Last year I planted strawberries (transplanted from my former garden) in back of our new house. This year, the plants have spread and are blooming! Whether or not we’ll get strawberries remains to be seen, but meanwhile, these pretty little white flowers hold the promise of delicious fruit!
Marilyn Armstrong of Serendipity Seeking Intelligent Life on Earth has taken over a monthly challenge called The Changing Seasons.
The Changing Seasons is a monthly challenge where bloggers around the world share what’s been happening in their month. To join in, you can either: 1. post 5-20 photos in a gallery that you feel represent your month. Don’t use photos from your archive. Only new shots. or 2. post a photo, recipe, painting, drawing, video, whatever that you feel says something about your month. Don’t use archive stuff. Only new material!
In either case, tag your posts with #MonthlyPhotoChallenge and #TheChangingSeasons so others can find them. One thing that won’t change though. Include a ping-back to Marilyn’s post, and she will update it with links to everyone else’s.
Marilyn says, “For those of us who have participating in this challenge for years … since the first years when Baron Guzman ran the challenge, I think we have our own style on how to make this work. I could never use a single picture. I’m too indecisive. Especially given the rapidly changing climate we are experiencing, I think this is an important challenge.” Ditto for me about indecisiveness! So here’s my September photo gallery: Visits to kitschy or pretty places in our area (because we can’t travel), flowers, and season changes were the things that characterized September 2020.
Recycling styrofoam at Dart Co. in Aurora; sculpture called “Solitude”; Mr. Eggwards (Humpty Dumpty doppelganger); sunflowers at Cantigny estate in Wheaton; Tribune magnate McCormick’s house at Cantigny; outdoor BBQ stove at my niece’s house in Evanston; 4 silos surrounding Inverness Town Hall; Black Lives Matter billboard (a little bit of sanity in an area full of Trump signs on lawns); all that’s left of a factory in Grayslake, now in the middle of a park; kitschy Egyptian copies of statues & pyramid in Wadsworth, officially known as “Gold Pyramid House” (the pyramid isn’t gold right now because they had a fire); hibiscus flower after rain; rare red flower called “cardinal flower” (it disappeared within a day or two); zinnias in my garden; mini petunias in my garden; tree branches on the campus of our community; katydid (I feel an affinity – we share a name!); sunset in a nearby suburb; another sunset in a nearby suburb; West Lake (pond on the campus here) with its many ducks – most of them young adults (a few months ago most of them were ducklings).
I don’t know the name of these flowers – I took these photos in the rain yesterday when we visited our house (which we’re now renting to daughter & son-in-law) and I noticed these yellow flowers on a plant I had planted last year in the garden. I had never seen the flowers on it before!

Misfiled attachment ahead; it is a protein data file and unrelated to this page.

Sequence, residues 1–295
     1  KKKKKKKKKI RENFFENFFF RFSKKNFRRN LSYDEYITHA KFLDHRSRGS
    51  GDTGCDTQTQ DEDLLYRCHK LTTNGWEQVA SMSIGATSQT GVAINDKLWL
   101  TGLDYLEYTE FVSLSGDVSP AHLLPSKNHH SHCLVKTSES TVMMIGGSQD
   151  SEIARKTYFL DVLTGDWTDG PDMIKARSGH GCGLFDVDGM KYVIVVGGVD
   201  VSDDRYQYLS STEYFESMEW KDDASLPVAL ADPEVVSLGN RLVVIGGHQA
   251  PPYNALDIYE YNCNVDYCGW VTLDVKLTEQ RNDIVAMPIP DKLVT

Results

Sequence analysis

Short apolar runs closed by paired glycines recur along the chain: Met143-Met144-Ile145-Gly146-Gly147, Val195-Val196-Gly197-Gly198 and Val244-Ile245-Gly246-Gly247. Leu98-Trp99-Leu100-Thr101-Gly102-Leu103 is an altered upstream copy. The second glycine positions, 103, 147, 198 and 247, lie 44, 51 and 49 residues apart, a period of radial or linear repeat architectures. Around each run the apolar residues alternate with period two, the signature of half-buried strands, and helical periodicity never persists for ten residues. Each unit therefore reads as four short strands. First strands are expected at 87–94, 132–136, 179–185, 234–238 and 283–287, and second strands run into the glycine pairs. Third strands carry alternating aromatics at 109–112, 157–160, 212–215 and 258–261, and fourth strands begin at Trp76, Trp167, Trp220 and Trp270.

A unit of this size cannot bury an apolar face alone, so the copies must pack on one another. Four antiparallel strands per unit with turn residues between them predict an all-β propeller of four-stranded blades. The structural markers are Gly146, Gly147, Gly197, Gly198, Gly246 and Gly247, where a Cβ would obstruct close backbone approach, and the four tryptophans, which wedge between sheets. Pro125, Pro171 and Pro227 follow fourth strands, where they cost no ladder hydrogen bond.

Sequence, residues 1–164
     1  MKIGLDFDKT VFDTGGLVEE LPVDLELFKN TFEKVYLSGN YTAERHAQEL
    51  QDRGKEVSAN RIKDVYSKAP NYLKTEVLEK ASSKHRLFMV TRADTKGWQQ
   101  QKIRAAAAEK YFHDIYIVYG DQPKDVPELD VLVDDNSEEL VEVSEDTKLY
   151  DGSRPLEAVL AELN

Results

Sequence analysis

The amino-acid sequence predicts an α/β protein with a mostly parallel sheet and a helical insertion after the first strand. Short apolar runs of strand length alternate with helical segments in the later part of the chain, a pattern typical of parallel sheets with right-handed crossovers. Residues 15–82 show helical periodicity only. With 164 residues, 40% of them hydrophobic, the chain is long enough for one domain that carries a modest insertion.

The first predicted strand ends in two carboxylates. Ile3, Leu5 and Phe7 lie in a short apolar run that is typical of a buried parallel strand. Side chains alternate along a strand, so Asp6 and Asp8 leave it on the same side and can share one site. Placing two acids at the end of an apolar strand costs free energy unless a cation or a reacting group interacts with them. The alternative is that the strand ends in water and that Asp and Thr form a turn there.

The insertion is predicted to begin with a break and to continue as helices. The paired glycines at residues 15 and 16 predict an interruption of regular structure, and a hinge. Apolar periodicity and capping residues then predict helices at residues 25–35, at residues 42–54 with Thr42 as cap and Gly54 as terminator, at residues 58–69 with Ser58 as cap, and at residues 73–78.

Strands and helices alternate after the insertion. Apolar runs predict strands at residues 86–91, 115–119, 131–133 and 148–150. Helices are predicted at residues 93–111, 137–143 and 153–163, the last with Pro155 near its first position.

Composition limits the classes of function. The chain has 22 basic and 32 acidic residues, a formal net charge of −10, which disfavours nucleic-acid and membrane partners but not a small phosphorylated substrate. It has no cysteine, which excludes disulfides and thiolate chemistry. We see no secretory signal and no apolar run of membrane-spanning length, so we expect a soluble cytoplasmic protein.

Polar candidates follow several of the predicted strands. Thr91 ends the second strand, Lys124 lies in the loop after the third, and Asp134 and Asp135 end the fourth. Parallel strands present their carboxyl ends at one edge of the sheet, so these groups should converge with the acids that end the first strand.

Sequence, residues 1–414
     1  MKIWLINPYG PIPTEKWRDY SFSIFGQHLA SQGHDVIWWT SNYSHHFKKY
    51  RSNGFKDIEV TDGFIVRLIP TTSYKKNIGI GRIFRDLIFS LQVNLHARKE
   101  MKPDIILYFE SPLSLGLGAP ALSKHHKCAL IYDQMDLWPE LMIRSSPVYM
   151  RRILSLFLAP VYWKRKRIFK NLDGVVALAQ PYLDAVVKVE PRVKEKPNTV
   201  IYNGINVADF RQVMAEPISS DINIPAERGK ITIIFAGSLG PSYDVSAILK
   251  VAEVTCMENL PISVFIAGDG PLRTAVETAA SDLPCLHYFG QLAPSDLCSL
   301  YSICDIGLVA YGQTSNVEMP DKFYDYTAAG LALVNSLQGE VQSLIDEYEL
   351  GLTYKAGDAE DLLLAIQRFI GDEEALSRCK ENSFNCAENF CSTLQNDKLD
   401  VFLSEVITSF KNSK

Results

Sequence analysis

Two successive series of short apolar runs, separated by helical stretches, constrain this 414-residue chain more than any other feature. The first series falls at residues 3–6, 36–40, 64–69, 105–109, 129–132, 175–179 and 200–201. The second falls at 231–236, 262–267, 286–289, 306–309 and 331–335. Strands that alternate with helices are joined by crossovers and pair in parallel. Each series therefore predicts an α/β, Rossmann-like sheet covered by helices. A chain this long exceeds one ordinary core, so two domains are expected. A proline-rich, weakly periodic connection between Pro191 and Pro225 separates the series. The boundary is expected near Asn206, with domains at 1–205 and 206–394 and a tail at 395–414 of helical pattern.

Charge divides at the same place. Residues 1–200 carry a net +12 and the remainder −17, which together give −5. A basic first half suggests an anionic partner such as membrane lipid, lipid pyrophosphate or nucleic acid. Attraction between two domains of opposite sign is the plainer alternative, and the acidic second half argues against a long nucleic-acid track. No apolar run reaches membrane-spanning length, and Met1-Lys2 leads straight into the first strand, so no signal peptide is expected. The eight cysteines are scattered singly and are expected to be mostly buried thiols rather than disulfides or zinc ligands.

Cee’s Fun Foto Challenge continues exploring the senses; this week it is tasting.
We have 5 basic type of tastes registered by our taste buds: bitter, salty, sour, sweet and savory. Sometimes fat is considered a 6th taste.
The American diet contains a lot of processed foods, which add salt to them – salt is a preservative. So we eat too much salt, as well as fat and sweets. High-salt diets can cause fluid to build up in your body, especially if you have a heart condition like I do. A tell-tale sign is swollen ankles but also lots of coughing, the result of fluid build-up in the lungs. That is why I try to maintain a low-salt diet.
If we would stick to “real” food, that is, food provided to us by nature, we would be a lot healthier.
Garden tomatoes: Fresh tomatoes always taste the best! (citrusy: sour, also savory) Baclava – Vienna’s Naschmarkt (sweet – taste of honey)
Vegetables and fruit for sale at Vienna’s Naschmarkt (mostly savory, some bitter)
sweet & savory fruits!
Breads in Israel – most breads are put in the salty category, but some, like pita bread, are classified as savory
In Egypt, I fell in love with Middle Eastern food!!
We had a home-hosted dinner at the home of an Egyptian family in Luxor.
We also had a five-day cruise on the Nile on our own private boat with excellent chefs! Rice and peppers – definitely savory!
A whole fish! – Nile perch (savory, salty also)
A New Year’s cake (oh so sweet!)
Spices for sale at an Egyptian market – spices add flavor or heat to a dish, and some can be bitter.
I don’t normally take pictures of food (except when traveling), but sometimes I can’t resist, like this savory shrimp appetizer at a restaurant!
Holiday cookies from my church’s annual “cookie walk!” (Totally bad-for-you sweet, but the holidays are a time for celebrating!! Eat these in moderation!)
I will end where I started – with fresh grown vegetables, from a local farmers’ market.
Here is a collection of red roses in honor of Valentine’s Day.
Here’s my brother-in-law’s quartet serenading (actually, this was a photo opp after they did the serenade!) a couple during dinner tonight. When they do singing valentines, they always give the lady a red rose!